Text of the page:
It may need some antifreeze for the winter, but BASF have a product called Glythermin P44 which can be mixed in solution with water, and is a non toxic antifreeze, and supports heat transfer to the balls. I am more worried about a heat build up in the summer causing the water to evaporate. I shall have to check the water level regularly, and could fit a Ballcock to the tank to trickle water in, that would keep it topped up. (see interesting discussion, US patents). It will be covered and insulated, and the balls will cool the water, and some of the evaporation will condense on the lid and fall back.
    I have purchased some ball valves, so that the piping can be dual use - allowing the solar panels to charge the earth direct (as previously intended) and by changing the valves, to allow the solar panels to charge the battery, and the heatpump to draw heat from the same battery, with a different circuit.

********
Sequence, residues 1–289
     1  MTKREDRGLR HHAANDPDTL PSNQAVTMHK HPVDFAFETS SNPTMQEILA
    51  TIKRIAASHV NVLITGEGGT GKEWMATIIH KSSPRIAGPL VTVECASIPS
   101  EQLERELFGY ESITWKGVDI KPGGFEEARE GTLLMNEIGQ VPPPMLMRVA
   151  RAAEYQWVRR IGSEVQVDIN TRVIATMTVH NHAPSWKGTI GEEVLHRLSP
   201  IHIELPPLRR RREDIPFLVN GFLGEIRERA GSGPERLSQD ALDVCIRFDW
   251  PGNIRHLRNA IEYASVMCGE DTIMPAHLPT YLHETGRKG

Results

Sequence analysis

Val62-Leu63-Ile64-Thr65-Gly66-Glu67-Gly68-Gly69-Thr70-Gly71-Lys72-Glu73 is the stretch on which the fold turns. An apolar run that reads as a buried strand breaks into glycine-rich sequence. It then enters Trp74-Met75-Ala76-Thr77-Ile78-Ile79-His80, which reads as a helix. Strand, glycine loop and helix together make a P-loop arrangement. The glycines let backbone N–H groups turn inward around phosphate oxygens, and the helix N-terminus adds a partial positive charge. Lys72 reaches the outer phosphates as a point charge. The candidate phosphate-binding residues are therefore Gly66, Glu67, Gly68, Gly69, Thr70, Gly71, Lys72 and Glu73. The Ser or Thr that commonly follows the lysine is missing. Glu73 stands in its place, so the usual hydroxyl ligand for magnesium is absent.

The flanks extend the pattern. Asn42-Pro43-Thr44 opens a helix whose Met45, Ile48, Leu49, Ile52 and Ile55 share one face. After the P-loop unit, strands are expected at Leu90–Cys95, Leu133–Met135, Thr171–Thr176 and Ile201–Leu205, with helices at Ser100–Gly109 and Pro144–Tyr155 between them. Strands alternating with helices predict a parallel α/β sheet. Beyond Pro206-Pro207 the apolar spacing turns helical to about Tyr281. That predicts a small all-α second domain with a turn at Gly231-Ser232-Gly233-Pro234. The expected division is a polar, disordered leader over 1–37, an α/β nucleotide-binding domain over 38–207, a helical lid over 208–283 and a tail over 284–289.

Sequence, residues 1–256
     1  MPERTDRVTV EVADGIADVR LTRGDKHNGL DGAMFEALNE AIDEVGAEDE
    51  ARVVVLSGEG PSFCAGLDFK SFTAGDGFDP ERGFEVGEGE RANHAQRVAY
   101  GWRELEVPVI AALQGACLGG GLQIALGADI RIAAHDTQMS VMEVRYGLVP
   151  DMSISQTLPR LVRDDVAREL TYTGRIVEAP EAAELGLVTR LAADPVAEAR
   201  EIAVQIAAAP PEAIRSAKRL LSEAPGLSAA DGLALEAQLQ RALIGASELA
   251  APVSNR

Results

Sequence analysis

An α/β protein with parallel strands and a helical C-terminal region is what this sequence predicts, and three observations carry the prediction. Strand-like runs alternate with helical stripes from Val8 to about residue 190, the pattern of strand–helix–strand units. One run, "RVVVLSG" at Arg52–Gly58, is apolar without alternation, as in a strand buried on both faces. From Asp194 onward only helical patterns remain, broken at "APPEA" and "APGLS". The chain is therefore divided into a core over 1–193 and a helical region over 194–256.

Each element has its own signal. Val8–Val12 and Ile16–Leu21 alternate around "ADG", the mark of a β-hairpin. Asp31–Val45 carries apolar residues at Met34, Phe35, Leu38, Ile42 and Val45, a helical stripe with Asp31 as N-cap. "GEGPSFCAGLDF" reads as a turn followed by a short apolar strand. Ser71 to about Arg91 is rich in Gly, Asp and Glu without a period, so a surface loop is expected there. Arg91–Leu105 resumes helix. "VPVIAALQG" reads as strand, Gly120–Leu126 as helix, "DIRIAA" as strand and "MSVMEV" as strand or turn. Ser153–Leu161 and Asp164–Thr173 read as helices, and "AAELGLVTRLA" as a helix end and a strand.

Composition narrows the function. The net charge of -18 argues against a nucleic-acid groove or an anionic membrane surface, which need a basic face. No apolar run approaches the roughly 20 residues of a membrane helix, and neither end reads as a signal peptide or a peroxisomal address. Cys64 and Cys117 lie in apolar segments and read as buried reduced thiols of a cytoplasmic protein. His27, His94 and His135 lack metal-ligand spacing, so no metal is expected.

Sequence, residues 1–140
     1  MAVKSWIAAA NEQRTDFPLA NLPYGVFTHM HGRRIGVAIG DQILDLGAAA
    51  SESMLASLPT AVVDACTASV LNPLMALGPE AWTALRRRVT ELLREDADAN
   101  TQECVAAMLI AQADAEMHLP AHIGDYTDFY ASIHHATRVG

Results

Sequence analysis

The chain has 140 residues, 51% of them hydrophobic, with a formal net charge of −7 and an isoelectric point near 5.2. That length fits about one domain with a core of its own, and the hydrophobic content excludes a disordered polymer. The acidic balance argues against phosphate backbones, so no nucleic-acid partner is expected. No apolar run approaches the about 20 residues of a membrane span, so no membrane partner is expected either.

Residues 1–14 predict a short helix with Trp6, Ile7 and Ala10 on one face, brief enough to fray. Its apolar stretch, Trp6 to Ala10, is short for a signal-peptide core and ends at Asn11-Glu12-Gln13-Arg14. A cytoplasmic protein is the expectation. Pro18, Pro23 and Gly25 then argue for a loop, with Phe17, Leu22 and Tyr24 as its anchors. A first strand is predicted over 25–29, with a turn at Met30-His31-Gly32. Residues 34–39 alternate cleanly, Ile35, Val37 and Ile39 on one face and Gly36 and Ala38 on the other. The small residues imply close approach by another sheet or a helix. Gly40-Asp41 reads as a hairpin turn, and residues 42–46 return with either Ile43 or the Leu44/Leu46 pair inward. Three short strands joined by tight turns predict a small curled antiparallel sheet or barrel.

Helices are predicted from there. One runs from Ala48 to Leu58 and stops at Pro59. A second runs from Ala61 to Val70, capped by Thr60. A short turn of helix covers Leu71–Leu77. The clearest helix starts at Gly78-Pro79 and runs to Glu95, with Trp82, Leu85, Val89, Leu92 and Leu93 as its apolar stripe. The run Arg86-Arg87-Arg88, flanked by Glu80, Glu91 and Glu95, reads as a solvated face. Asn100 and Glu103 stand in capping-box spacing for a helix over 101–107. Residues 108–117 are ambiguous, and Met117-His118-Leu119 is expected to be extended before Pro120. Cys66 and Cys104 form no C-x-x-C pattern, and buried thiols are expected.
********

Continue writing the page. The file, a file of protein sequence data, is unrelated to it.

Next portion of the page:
My earlier advice to myself was to keep things simple and not introduce so many variables that proper data analysis becomes too difficult - so I ought to take that advice. Therefore, I could work with the same 4 panels as originally intended, and have the ability to switch the battery in or out just by moving the lever-ball valves.
Illustration from Colin of BASF. He writes:
"Below is a table of typical values for specific heat capacity, thermal